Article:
He met his wife, Pam, in 1966 at a USO Club in Trenton, N.J. It was her first day there as a volunteer.
“We met the third of February, 1966, engaged in April and married in June,” Rose said. His wife also volunteers at the RIC USO.
While the faces of the volunteers have changed since the days of the Sandston USO Club, the sentiment of the volunteers hasn’t changed.
“We want to show them a little love before they head off somewhere else and hope they have good memories,” Reid said.
For more information about the Central Virginia USO, visit http://www.usohr.com .
To read more articles by Sundra Hominik, visit http://shominik.wordpress.com
Holman Middle School student Victoria Nguyen recently was named Miss Virginia American Coed Junior Teen after competing in the Miss Virginia American Coed pageant in Williamsburg. She was the youngest competitor in her division. Nguyen now will advance to represent Virginia at the 2015 Miss American Junior Teen Pageant at Walt Disney World in Florida in November. > Read more.
Companion Extraordinaire dedicated a hall in its new Lakeside office as a “Wall of Honor” and will be presenting 13 military service men and women with certificates as well as placing their service photos on the wall.
> Read more.
Public vote open through Friday to select winner
Citizen Staff Reports
Malloy is a finalist for The Goddard School Anthony A. Martino Scholarship, which is open annually to any high school junior or senior who graduated from a Goddard School pre-kindergarten or kindergarten program. Applicants are evaluated based upon the work ethic and perseverance they have demonstrated – two key characteristics of Martino, the founder of the Goddard School franchise system. > Read more.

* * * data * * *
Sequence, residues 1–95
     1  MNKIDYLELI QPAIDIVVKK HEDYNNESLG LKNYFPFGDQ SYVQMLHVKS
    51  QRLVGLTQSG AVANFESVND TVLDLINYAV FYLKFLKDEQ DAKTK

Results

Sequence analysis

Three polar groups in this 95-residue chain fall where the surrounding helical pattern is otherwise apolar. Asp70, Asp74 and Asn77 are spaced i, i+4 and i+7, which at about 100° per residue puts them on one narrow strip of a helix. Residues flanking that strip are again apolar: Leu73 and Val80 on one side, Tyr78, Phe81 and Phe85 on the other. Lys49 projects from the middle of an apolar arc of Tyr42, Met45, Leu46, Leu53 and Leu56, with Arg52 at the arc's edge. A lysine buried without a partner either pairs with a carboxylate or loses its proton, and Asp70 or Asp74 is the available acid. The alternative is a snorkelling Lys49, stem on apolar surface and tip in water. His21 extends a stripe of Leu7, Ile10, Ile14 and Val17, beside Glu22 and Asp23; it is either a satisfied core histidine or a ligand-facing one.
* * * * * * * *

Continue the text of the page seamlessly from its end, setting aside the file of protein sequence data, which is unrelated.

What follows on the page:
Disneynature’s ‘Monkey Kingdom’ is its strongest yet
“Did you know monkeys could swim?” asks Tina Fey in Monkey Kingdom. While she’s asking, a toque macaque (a two foot-long monkey with red-white fur and great hair) breast-strokes under the surface of a pond, yanking out lily pad flowers by her teeth and dragging them ashore to munch later.
Turns out monkeys can swim. And slide down telephone poles. And do the thing from Flashdance where you bring down a cascade of water on your head and shake it off in slow-motion.
All will happen in Monkey Kingdom, the eighth film in nine years from Disneynature, Disney’s wildlife documentary outlet. > Read more.
Relax this holiday weekend with Fridays Uncorked at Southern Season – taste wines from the Roman Empire! Or at James River Cellars who is hosting “Experience Virginia” – sample Virginia wine, beer, cider and mead. And what goes better with wine than strawberries – an annual tradition in Varina, the Gallmeyer Farms’ Strawberry Fields Festival is tomorrow. Other fun happenings this weekend include: “A Little Princess” at The Cultural Arts Center at Glen Allen; weekly dance at American Legion Post 125; and National Theatre Live’s “Man and Superman” at the University of Richmond. For all our top picks this weekend, click here! > Read more.
Final performance of 2015 season – ‘Quartet’ – starts this week
CAT Theatre’s final show of its 51st season – Quartet by Ronald Harwood – will open May 22 and run through June 6. It will be the show’s Richmond-area premiere.
The theatre also announced its four-show schedule for its 52nd season, which will begin in October and continue into June 2016, and announced a new partnership with The Bifocals Theatre Project, an outreach program into senior communities in the Richmond region. > Read more.